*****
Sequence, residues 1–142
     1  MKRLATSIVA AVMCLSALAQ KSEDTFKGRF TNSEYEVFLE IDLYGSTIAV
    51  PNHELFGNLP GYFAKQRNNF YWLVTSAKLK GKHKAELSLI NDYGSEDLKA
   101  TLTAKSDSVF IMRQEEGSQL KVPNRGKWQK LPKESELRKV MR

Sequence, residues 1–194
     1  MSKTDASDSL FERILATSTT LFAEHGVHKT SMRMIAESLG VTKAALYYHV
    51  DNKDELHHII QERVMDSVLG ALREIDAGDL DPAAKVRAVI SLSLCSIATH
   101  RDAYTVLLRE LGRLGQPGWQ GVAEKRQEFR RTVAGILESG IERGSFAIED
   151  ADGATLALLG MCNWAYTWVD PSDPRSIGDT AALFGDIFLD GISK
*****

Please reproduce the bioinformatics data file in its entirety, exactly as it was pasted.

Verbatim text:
Sequence, residues 1–142
     1  MKRLATSIVA AVMCLSALAQ KSEDTFKGRF TNSEYEVFLE IDLYGSTIAV
    51  PNHELFGNLP GYFAKQRNNF YWLVTSAKLK GKHKAELSLI NDYGSEDLKA
   101  TLTAKSDSVF IMRQEEGSQL KVPNRGKWQK LPKESELRKV MR

Sequence, residues 1–194
     1  MSKTDASDSL FERILATSTT LFAEHGVHKT SMRMIAESLG VTKAALYYHV
    51  DNKDELHHII QERVMDSVLG ALREIDAGDL DPAAKVRAVI SLSLCSIATH
   101  RDAYTVLLRE LGRLGQPGWQ GVAEKRQEFR RTVAGILESG IERGSFAIED
   151  ADGATLALLG MCNWAYTWVD PSDPRSIGDT AALFGDIFLD GISK